• 44.
    Bendre, Ameya
    et al.
    Division of Pediatric Endocrinology and Department of Women’s and Children’s Health, Karolinska Institutet and University Hospital, Stockholm, Sweden; Center for Molecular Medicine, Karolinska Institutet, Stockholm, Sweden.
    Ottosson, Lars
    Division of Pediatric Endocrinology and Department of Women’s and Children’s Health, Karolinska Institutet and University Hospital, Stockholm, Sweden; Center for Molecular Medicine, Karolinska Institutet, Stockholm, Sweden.
    Baroncelli, Marta
    Division of Pediatric Endocrinology and Department of Women’s and Children’s Health, Karolinska Institutet and University Hospital, Stockholm, Sweden; Center for Molecular Medicine, Karolinska Institutet, Stockholm, Sweden.
    Dou, Zelong
    Division of Pediatric Endocrinology and Department of Women’s and Children’s Health, Karolinska Institutet and University Hospital, Stockholm, Sweden; Center for Molecular Medicine, Karolinska Institutet, Stockholm, Sweden.
    Nilsson, Ola
    Örebro University, School of Medical Sciences. Division of Pediatric Endocrinology and Department of Women’s and Children’s Health, Karolinska Institutet and University Hospital, Stockholm, Sweden; Center for Molecular Medicine, Karolinska Institutet, Stockholm, Sweden.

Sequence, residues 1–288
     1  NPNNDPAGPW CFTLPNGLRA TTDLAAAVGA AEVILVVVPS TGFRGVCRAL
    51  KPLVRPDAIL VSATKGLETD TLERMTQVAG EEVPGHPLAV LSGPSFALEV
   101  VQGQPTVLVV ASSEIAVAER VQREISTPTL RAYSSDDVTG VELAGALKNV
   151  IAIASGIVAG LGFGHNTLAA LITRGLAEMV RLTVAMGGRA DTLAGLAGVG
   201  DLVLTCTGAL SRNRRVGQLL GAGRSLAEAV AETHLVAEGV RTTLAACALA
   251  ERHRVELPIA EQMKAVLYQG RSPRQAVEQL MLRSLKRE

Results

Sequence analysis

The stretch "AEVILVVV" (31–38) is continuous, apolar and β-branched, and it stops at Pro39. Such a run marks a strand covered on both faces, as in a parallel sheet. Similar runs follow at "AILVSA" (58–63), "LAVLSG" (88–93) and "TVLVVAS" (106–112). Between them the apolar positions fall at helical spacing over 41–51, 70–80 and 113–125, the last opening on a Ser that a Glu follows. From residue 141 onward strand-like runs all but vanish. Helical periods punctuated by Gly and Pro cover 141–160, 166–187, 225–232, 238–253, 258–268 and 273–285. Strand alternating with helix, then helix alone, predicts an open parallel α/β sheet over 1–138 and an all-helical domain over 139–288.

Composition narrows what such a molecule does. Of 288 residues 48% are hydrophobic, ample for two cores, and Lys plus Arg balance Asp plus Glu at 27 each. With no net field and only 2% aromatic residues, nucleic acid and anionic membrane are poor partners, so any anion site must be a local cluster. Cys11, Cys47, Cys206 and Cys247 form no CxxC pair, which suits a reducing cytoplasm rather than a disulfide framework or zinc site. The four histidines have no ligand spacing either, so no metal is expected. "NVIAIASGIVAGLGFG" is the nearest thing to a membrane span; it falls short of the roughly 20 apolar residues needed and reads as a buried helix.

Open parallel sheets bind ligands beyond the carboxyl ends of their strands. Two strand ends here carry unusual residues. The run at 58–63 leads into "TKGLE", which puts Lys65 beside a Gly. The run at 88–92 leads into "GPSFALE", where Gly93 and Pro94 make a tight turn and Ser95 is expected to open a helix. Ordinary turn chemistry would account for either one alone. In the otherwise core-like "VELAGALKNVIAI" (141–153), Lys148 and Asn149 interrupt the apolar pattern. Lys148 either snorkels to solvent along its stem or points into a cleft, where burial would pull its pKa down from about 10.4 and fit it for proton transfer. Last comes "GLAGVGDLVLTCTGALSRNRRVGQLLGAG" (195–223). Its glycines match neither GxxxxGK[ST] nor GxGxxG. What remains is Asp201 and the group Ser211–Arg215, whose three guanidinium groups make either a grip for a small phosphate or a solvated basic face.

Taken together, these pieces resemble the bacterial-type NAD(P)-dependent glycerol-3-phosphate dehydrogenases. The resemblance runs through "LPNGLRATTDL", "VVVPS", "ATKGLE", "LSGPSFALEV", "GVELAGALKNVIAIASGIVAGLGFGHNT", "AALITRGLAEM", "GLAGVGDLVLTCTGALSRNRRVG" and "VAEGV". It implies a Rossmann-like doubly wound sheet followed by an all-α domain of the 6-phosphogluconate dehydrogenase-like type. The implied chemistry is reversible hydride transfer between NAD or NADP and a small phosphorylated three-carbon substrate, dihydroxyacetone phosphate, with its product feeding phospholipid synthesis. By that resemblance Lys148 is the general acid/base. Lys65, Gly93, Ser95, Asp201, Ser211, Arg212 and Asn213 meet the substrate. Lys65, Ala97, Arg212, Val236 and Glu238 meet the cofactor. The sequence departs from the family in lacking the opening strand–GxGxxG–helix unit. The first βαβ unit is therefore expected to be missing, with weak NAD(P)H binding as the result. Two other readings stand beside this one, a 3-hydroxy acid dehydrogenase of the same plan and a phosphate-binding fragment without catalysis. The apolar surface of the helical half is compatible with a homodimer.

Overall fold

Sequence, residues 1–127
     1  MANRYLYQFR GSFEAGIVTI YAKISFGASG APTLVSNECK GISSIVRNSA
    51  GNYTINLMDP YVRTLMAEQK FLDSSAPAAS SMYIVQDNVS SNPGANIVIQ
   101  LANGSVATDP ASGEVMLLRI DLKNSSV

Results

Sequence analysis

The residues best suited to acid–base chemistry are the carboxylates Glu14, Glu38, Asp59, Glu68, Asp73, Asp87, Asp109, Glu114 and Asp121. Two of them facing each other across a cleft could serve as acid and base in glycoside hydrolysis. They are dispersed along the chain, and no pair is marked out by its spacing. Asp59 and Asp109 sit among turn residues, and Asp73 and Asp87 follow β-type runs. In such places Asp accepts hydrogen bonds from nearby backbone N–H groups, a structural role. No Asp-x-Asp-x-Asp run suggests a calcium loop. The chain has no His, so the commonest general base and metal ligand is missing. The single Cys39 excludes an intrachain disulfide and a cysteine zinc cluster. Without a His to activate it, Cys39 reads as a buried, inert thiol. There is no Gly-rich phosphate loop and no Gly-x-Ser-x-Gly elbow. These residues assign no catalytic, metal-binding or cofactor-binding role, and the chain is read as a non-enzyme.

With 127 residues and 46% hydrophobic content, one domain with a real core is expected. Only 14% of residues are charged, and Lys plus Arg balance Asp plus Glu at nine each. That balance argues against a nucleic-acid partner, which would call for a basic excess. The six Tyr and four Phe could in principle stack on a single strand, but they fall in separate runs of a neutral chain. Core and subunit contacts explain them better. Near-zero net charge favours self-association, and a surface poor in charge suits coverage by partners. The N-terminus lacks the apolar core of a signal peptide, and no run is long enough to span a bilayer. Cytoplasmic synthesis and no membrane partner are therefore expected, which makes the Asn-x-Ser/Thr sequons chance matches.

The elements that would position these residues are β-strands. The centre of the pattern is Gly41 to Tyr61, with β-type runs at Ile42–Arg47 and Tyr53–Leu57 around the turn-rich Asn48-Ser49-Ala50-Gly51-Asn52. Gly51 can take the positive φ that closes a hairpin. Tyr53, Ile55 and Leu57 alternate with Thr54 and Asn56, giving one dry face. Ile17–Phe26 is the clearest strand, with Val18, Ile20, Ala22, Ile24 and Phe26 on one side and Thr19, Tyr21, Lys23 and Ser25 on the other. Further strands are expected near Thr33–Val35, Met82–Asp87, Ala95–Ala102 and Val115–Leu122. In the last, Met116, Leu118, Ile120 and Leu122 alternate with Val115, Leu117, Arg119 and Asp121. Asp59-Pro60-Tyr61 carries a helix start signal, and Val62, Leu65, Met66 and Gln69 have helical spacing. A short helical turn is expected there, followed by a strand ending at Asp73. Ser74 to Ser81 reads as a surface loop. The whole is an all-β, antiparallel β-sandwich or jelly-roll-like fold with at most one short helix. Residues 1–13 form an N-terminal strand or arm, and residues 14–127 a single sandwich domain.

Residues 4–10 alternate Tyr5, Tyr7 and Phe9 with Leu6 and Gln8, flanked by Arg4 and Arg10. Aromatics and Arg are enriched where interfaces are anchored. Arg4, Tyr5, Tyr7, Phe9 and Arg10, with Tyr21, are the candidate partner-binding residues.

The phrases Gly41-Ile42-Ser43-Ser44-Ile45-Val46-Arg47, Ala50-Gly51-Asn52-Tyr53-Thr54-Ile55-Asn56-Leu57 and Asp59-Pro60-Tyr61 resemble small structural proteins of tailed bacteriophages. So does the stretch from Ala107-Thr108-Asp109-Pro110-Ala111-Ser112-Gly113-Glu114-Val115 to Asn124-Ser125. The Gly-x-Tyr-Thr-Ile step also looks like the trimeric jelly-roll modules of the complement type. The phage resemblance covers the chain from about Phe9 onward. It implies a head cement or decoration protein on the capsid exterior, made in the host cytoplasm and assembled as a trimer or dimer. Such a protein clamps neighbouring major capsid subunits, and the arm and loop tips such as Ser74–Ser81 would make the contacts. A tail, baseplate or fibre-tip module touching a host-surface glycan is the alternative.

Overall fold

Growth failure in aggrecan haploinsufficiency is due to a decrease in growth plate matrix volume and hypertrophic cell size2023In: Hormone Research in Paediatrics, ISSN 1663-2818, E-ISSN 1663-2826, Vol. 96, no Suppl. 4, p. 40-41, article id FC4.4Article in journal (Other academic)
    Abstract [en]

    Background: Heterozygous loss-of-function mutations in the aggrecan gene (ACAN) cause autosomal dominant short stature with advanced bone age, early-onset osteoarthritis and intervertebral disc disease (SSOAOD; OMIM#165800). ACAN mutations is a relatively common finding in idiopathic short stature (ISS) and has been reported to be the cause of growth failure in approximately 2% of children with ISS. However, the underlying cellular and molecular mechanisms by which ACAN mutations cause growth failure in SSOAOD have not been elucidated.

    Objective: To investigate the underlying cellular and molecular mechanisms of growth failure using a mouse model of SSOAOD.

    Methods: Cartilage matrix deficiency mouse (Acan cmd) has a naturally occurring 7 bp micro-deletion in aggrecan gene. Heterozygous Acancmd and wild-type (WT) male and female mice were assessed for skeletal and body growth at 1,3,6,12 and 24 weeks of age. Histomorphometric analysis was performed on Masson-Trichrome stained proximal tibial and distal femoral growth plates. Cell proliferation was assessed by EdU incorporation. Quantification of percentage matrix area was performed using Image J. Single-cell RNA sequencing was carried out on chondro-cytes isolated from 18 day old WT and Acan cmd female mice according to 3’ gene expression protocol (10X Genomics).